Dr. Erin Cameron's research featured in NY Times

Dr. Erin Cameron: Researching invasive earthworms in boreal forests

Dr. Erin Cameron: Researching invasive earthworms in boreal forests

Dr. Erin Cameron is a new faculty member in the Environmental Science department at Saint Mary’s. She completed her PhD at the University of Alberta before doing a postdoctoral fellowship at the University of Helsinki in Finland. 

Dr. Cameron’s published work on earthworms (Modelling interacting effects of invasive earthworms and wildfire on forest floor carbon storage in the boreal forest” and “Spatial patterns and spread of exotic earthworms at local scales) was was recently mentioned in a New York Times article on why earthworms have climate scientists worried; Dr. Cameron will be travelling to the Yukon in July to do more research on this topic. 

Her research examines effects of global change (climate change, invasive species, habitat loss) on species distributions, community composition, and ecosystem functioning. She is especially interested in earthworminvasions, aboveground-belowground interactions, and soil biodiversity. She uses a combination of field observations, experiments, citizen science, molecular approaches, data synthesis, and modelling to assess global change impacts across spatial and temporal scales.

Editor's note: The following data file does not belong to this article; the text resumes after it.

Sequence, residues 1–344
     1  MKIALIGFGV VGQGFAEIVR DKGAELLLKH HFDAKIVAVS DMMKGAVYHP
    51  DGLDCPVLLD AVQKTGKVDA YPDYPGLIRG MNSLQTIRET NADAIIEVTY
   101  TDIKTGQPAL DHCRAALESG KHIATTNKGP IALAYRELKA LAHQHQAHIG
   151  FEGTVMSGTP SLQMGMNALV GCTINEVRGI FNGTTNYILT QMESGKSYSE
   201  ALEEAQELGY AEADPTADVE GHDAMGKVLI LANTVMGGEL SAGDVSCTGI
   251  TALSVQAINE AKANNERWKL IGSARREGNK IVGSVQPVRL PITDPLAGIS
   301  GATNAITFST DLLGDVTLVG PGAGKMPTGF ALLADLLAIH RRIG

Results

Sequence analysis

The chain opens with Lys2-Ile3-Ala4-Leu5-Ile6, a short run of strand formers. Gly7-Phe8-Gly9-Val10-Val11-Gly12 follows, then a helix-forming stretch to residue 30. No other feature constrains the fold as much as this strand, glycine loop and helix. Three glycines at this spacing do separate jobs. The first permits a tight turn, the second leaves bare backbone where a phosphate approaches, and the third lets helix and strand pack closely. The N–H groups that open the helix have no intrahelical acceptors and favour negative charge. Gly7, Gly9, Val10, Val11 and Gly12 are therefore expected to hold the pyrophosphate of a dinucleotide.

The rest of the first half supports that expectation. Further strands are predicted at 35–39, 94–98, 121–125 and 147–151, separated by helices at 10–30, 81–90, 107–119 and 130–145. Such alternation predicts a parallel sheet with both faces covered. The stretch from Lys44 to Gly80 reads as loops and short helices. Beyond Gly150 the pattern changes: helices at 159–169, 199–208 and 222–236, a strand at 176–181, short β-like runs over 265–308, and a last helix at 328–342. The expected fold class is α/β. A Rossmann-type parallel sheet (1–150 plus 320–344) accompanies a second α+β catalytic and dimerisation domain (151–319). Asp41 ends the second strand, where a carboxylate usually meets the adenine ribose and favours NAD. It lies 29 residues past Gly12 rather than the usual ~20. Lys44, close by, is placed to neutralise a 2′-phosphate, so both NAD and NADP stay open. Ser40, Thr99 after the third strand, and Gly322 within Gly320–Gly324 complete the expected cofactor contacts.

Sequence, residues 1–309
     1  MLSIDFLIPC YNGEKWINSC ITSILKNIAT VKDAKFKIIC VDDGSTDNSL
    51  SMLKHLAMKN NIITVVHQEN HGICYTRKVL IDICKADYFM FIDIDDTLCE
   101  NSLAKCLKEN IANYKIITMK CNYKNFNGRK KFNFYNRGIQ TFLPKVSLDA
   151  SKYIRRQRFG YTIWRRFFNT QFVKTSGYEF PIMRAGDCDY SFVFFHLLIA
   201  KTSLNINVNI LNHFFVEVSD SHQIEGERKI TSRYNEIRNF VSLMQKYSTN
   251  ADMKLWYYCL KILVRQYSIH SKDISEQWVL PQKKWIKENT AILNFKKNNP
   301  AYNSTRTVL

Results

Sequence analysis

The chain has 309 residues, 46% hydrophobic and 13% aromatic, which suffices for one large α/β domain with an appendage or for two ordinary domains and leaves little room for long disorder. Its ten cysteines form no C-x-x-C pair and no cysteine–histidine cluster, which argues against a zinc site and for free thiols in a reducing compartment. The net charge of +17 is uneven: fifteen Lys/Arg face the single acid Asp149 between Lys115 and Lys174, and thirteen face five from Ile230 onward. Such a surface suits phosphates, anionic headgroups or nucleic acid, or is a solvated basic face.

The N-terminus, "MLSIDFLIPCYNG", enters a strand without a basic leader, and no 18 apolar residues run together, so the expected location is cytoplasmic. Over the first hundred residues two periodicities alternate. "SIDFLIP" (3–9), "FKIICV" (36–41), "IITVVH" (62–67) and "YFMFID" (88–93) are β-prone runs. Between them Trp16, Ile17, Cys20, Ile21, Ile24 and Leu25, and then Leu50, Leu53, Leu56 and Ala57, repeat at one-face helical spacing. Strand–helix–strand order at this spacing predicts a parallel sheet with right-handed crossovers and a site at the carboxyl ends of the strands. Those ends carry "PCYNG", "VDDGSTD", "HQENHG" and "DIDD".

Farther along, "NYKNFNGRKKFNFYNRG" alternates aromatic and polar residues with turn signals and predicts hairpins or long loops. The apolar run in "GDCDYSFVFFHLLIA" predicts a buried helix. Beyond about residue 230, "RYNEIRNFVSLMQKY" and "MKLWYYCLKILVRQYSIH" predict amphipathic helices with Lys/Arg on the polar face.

Click here to read the full story in the New York Times:  ‘Earthworm Dilemma’ Has Climate Scientists Racing to Keep Up: Worms are wriggling into Earth’s northernmost forests, creating major unknowns for climate-change models.

— Submitted by Danielle Boudreau, Faculty of Science

 

Using Data from Stats Can: Free webinars in the Patrick Power Library

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“Are families living in major metropolitan areas wealthier? To what extent do families living in cities with higher housing prices carry more debt? Do millennials carry more debt than previous generations of young Canadians?”

These questions (and others like them) can be answered with data from Statistics Canada, which offers a wealth of free data and analysis tools that you can use to make informed business and research decisions.

The trick is in knowing what they are and how to use them. The Patrick Power Library is screening four webinars by StatsCan over the coming weeks in the Library Classroom (LI135).

The first, held Wednesday May 29 at 2pm, demonstrated the new Consumer Price Index (CPI) Data Visualization Tool, which you can find at https://www150.statcan.gc.ca/n1/pub/71-607-x/71-607-x2018016-eng.htm

Next Tuesday, June 4, learn about the Business Register - its history, how it is maintained and how it is used by internal and external users.

On Wednesday, June 5, join us for a “Spotlight on Debt and Wealth for Canadian families”, which will examine differences in indebtedness and wealth among higher and lower income families across Canada from 1999 to 2016.

This webinar will use data to look at questions like: Are Canadian seniors more likely to carry mortgage and consumer debt than before? How much more debt are they carrying? How have wealth and debt evolved among immigrant families? And how does this differ from Canadian-born families?